Actor-centered approaches range prominently in transnational history. Transnational actors have often served as the “historian's Trojan horses” (Saunier 2013: 57) – studying them has helped to better grasp the extent, dynamics and mechanisms of particular transnational connections, and has highlighted the entanglement and mutual constitution of cultures and societies in a more general sense. However, these actors usually play multiple roles on different spatial scales. They are not confined to the transnational or transregional sphere, as their activities are also embedded in local, national or regional contexts.
This panel explores and conceptualizes further how these actors‘ multiple roles come together (or not). It also lays special emphasis on the effects these transnational activities had in different social contexts and how they affected and changed the societies these actors lived and worked in. Papers will discuss, among others:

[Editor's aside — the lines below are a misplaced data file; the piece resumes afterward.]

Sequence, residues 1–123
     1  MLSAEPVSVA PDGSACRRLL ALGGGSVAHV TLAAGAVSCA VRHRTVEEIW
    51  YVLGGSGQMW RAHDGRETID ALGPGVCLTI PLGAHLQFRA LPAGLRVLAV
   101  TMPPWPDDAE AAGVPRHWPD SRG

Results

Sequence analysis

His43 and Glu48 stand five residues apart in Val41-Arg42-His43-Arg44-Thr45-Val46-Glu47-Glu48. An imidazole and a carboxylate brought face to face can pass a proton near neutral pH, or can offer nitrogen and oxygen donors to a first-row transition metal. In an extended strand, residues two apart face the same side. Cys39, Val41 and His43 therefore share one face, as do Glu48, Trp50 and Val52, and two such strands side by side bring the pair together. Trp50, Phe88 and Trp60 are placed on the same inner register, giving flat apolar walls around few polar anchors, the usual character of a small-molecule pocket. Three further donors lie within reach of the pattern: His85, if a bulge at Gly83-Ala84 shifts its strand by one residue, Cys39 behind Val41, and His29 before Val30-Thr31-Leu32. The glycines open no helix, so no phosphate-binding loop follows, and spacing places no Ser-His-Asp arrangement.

- the strategies, capacities and institutions transnational actors built not only to create and manage transnational connections, but also to embed these in different societies;
- the different mediating roles transnational actors played – not only between cultures, but also within societies;
- the role the transnational spheres and connections played in these actors‘ other activities, in their everyday lives and in their biographies;
- the self-perceptions and identity constructions of transnational actors, and how they were perceived and represented in the public sphere.
Against this background, the panel seeks to start a discussion on how to relate the diverse existing concepts and typologies that highlight different aspects of transnational actors’ activities and capacities. Moreover, we would like to debate how these concepts connect with – or challenge – established categories of social history, like institutionalization, professionalization etc.
Please send proposals until 30 June 2015 to both organizers: Antje Dietze (email@example.com) and Katja Naumann (firstname.lastname@example.org).